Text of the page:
Chinese hamster

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Chinese hamster
A wild-type Chinese hamster
Scientific classification Edit this classification
Domain: Eukaryota
Kingdom: Animalia
Phylum: Chordata
Class: Mammalia
Order: Rodentia
Family: Cricetidae
Subfamily: Cricetinae
Genus: Cricetulus
C. griseus
Binomial name
Cricetulus griseus
Milne-Edwards, 1867

The Chinese hamster (Cricetulus griseus or Cricetulus barabensis griseus) is a rodent in the genus Cricetulus of the subfamily Cricetidae that originated in the deserts of northern China and Mongolia. They are distinguished by an uncommonly long tail in comparison to other hamsters, most of whose tails are stubby. Chinese hamsters are primarily nocturnal, however they will stay awake for brief periods, in between naps, throughout the day.


Chinese hamsters grow to between 82 and 127 mm in body length (tail length 20–33 mm) and weigh 1.7 grams at birth, then as they get older can weigh 30–45 grams. Males have a fairly large scrotum relative to their body size. Their body proportions, compared to other hamster species – most of which tend to be compact – appear "long and thin" and they have (for a hamster) a relatively long tail. They live two to three years on average.

The wild color is brown with a black stripe down the spine, black and grey ticks and a whitish belly. This coloration, combined with their lithe build and longer tail, makes them look "mousy" to some eyes and, in fact, they are members of the group called ratlike hamsters.

Chinese hamsters and Chinese striped hamsters are solitary, like most hamsters other than the three Phodopus species. [a]


The taxonomic names of the Chinese hamster and the closely related Chinese striped hamster are unsettled. Some authorities consider the Chinese hamster (Cricetulus griseus) and the Chinese striped hamster (Cricetulus barabensis) different species,[1] whereas others classify them as subspecies,[2] in which case the Latin name of the Chinese hamster becomes Cricetulus barabensis griseus, and the Chinese striped hamster becomes Cricetulus barabensis barabensis.[3]


Chinese hamsters were first domesticated as lab animals, but have mostly fallen out of use. They were subsequently kept as pets (although not the pet hamster species commonly kept in North America).

Lab animals[edit]

In the past, before scientists started using other rodents, Chinese hamsters were commonly used lab animals. They were replaced by the common mouse and rat, which are more convenient to breed and to keep in small cages; however, several biotech drugs are still being produced by putting the gene for the protein into Chinese hamster ovary cells, which then produce the protein.


Female Chinese hamsters were generally kept as pets, and males used solely for breeding. Being naturally solitary, they tend to be aggressive if kept in enclosures which are too small, or are inhabited by other hamsters. They can be nippy, but quickly become tame. Once successfully tamed, they are easily handled. Chinese hamsters can be quite nervous as youngsters but, once they are tamed, can display an endearing calm and gentle character. One of their endearing habits is clinging to a handler's finger with all four paws – rather like a harvest mouse on a corn stalk.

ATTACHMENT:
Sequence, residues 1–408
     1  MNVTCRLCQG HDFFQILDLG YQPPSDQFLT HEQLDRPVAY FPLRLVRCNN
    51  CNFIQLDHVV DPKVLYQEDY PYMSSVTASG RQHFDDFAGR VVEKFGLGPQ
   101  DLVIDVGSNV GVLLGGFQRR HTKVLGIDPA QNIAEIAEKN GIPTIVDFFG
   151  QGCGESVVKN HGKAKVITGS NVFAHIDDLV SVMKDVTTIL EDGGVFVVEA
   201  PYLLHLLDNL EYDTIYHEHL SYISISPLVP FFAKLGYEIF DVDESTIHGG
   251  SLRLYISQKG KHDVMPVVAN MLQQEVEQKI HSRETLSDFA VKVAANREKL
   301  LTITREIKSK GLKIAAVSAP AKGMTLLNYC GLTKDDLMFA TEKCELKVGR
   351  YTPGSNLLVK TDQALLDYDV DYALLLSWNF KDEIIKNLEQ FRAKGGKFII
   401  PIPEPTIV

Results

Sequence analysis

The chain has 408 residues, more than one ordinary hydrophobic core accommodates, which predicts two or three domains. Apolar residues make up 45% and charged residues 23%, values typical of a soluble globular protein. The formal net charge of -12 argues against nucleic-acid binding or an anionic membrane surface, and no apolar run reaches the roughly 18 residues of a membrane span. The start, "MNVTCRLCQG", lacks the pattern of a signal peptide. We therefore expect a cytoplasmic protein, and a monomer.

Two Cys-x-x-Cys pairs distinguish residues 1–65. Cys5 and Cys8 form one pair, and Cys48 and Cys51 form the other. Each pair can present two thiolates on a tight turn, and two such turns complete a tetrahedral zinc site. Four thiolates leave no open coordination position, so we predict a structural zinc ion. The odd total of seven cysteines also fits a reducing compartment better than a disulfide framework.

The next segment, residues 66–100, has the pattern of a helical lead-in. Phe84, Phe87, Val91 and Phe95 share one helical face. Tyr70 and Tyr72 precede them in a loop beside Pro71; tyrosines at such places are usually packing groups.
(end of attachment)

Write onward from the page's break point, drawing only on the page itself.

Some U.S. states, such as California and New Jersey, regard the Chinese hamster as a pest or an exotic animal, and require a special permit to own, breed or sell them.[4]

Colour varieties[edit]

Besides the wild colour, a well-known variation in domesticated breeds is the "spotted-white" or "dominant-spot" Chinese hamster, which often is grayish-white all over, with only a dark stripe on its back.

As yet, there are only three colour varieties among domesticated Chinese hamsters are:[4]

  • normal / wild type
  • dominant-spot or spotted-white
  • black-eyed white

Normal and dominant-spot are readily available in the pet trade throughout the United Kingdom, whereas the black-eyed white is extremely rare; only a few are owned by hobbyist breeders in the U.K.

In media[edit]

The Chinese Dwarf Hamster is the animal of choice featured in the speculative evolution project Hamster's Paradise.

See also[edit]


  1. ^ Confusingly, the name dwarf hamsters includes several other species in the same genus Cricetulus (Tibetan dwarf hamster, Kam dwarf hamster, Lama dwarf hamster, long-tailed dwarf hamster, grey dwarf hamster, Sokolov's dwarf hamster) as well as hamsters in the genus Phodopus, (Russian dwarf hamster, Campbell's dwarf hamster, Roborovski dwarf hamster). Often dwarf hamster is used to refer only to Phodopus. All of these hamsters are in the subfamily Cricetinae.


  1. ^ "Cricetulus". The NCBI taxonomy database.
  2. ^ "SRS db query re 'Chinese hamster'". Columbia University. Retrieved 16 August 2009.[dead link]
  3. ^ Tofts, Russell. "The Chinese hamster (Cricetulus barabensis)". Archived from the original on 20 July 2006.
  4. ^ a b Lianne, McLeod (15 August 2018). "Chinese striped hamsters as pets". The Spruce Pets; or Lianne, McLeod. "Chinese hamsters". Archived from the original on 2016-08-13.

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